Britain could invade Zimbabwe: archbishop
From correspondents in London
July 01 2007
Zimbabwe, formerly Rhodesia, gained independence from Britain in 1980.
BRITAIN would be justified in invading Zimbabwe, a former British colony, to remove President Robert Mugabe, a leading archbishop has said.
The Roman Catholic archbishop of Bulawayo Pius Ncube told London's Sunday Times the deepening destitution in his country, including millions going hungry and the world's highest inflation rate, meant Britain would be right to act.
"I think it is justified for Britain to raid Zimbabwe and remove Mugabe," he said.
"We should do it ourselves but there's too much fear. I'm ready to lead the people, guns blazing, but the people are not ready."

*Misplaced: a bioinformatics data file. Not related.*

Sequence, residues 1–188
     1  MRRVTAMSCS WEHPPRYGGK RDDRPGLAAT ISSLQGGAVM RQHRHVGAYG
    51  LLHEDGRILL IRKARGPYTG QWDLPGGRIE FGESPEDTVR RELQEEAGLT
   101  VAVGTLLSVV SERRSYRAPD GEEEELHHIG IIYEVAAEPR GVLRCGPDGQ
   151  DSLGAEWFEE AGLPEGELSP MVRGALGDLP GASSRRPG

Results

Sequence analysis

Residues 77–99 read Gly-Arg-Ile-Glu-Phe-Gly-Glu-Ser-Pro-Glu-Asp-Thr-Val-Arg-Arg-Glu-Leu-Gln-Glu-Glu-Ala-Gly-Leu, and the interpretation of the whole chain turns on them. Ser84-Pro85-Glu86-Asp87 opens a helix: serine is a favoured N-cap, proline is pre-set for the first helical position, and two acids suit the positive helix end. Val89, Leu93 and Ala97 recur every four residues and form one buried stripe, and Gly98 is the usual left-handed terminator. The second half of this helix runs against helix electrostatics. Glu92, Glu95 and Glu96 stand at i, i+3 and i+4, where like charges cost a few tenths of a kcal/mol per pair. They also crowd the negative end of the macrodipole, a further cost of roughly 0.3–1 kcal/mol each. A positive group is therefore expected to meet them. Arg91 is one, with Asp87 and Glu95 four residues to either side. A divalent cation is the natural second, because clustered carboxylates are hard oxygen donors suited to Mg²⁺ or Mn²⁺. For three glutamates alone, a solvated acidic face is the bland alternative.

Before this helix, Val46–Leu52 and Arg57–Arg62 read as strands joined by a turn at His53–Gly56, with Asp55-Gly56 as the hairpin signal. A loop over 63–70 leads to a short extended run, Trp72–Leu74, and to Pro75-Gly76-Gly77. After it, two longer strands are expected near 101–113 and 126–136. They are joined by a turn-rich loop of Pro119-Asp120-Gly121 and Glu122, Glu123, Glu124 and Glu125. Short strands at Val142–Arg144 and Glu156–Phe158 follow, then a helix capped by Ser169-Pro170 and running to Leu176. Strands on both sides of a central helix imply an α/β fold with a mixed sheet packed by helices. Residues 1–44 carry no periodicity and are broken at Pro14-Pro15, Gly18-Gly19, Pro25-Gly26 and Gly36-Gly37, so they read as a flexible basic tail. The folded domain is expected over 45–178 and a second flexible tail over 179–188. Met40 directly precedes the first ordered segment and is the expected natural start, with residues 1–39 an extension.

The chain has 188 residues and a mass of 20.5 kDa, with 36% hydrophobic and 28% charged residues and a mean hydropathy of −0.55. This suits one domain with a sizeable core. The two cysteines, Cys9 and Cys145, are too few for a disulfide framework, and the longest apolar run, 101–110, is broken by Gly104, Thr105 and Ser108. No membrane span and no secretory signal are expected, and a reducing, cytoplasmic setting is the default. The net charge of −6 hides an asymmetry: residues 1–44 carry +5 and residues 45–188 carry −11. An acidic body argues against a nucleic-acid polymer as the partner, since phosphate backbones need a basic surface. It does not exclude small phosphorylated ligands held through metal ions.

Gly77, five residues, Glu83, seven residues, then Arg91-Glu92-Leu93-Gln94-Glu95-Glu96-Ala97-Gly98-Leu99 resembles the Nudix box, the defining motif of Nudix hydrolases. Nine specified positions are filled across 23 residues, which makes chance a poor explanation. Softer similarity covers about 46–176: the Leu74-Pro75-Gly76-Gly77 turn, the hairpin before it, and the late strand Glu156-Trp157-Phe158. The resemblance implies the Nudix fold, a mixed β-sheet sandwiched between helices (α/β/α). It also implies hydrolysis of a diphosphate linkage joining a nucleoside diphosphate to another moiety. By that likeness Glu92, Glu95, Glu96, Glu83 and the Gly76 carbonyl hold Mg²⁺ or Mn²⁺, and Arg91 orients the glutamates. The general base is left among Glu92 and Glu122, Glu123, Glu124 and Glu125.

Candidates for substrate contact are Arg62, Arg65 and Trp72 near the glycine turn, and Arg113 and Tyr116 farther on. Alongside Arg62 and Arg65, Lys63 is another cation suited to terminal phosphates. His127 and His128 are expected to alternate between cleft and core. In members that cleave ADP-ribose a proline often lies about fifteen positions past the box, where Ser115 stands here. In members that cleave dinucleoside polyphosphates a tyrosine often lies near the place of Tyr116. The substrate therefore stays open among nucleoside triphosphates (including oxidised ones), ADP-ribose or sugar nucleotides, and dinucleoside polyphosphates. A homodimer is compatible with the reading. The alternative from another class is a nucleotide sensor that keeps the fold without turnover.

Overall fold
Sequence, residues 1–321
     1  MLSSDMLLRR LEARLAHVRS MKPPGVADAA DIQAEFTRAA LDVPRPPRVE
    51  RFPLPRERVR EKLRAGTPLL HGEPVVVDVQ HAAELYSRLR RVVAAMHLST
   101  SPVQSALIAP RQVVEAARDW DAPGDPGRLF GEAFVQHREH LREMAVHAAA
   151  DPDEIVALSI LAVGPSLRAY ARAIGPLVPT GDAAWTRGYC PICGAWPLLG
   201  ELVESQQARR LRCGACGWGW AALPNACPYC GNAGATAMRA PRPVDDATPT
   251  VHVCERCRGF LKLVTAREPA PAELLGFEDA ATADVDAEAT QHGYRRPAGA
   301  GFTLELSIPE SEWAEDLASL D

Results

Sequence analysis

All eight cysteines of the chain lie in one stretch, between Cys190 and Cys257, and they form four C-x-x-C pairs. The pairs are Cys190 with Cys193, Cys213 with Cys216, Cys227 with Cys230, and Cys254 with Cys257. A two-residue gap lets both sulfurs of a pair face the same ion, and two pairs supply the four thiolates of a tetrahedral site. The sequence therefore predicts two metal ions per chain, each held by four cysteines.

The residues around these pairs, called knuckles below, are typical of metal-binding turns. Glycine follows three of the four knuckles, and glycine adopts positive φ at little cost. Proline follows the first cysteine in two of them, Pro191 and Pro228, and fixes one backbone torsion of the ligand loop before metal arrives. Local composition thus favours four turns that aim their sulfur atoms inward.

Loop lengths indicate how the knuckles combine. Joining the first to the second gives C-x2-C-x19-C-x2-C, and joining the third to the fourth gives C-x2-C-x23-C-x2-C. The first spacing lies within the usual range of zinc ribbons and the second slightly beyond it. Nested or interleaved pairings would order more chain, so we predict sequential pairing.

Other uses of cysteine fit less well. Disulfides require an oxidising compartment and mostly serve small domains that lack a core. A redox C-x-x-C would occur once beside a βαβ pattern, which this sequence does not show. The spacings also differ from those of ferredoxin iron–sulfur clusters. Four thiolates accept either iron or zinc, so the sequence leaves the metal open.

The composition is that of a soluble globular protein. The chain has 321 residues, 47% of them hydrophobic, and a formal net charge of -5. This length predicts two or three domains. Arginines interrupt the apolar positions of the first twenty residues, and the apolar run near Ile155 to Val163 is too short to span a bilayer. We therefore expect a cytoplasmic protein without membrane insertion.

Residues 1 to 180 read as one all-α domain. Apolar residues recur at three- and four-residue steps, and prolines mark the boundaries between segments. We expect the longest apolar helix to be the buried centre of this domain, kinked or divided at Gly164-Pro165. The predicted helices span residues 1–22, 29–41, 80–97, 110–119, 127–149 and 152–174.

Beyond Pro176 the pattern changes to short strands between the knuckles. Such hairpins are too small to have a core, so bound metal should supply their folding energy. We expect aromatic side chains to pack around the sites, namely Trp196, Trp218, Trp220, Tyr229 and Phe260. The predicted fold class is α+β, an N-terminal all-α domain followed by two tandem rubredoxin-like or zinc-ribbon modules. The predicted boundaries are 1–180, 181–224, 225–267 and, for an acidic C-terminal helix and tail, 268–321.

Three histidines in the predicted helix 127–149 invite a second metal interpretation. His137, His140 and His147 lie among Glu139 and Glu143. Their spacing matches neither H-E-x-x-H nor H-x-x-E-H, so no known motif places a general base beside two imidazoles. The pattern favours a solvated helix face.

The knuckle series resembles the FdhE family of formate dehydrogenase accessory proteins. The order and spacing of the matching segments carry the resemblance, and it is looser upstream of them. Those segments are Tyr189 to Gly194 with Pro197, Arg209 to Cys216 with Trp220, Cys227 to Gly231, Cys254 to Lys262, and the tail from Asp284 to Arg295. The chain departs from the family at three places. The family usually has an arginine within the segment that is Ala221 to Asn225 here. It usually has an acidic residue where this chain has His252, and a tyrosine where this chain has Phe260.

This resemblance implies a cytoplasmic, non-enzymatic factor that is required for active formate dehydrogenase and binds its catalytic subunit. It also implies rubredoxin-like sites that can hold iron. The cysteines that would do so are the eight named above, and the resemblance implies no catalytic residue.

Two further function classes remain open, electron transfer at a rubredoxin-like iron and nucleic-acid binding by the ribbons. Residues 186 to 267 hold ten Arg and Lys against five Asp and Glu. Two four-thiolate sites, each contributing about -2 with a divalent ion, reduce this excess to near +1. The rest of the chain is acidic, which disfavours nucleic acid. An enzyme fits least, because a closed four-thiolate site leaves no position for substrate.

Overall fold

Archbishop Ncube said the president was squandering money while the people starved and had just spent $US2 million ($A2.37 million) on surveillance equipment while most people struggled along on $US2 ($A2.37) a week.
"How can you expect people to rise up when even our church services are attended by state intelligence people?" the archbishop said.
Zimbabwean Government officials were not available for immediate comment today.
In the past, Mugabe's Government has branded Archbishop Ncube a Western agent helping to co-ordinate a propaganda campaign against Zimbabwe's ruling ZANU-PF party as part of a drive to oust it from power.
In May, Mugabe dismissed repeated criticism from the country's Catholic bishops as "nonsense" and warned that his Government could start treating the clergy as political enemies.
There are around one million Catholics among Zimbabwe's 13 million people.
Once one of the most buoyant economies in southern Africa, with a well-educated population, Zimbabwe's economy is now in ruins, with unemployment of 80 per cent and life expectancy tumbling to 37 years for men and 34 years for women.
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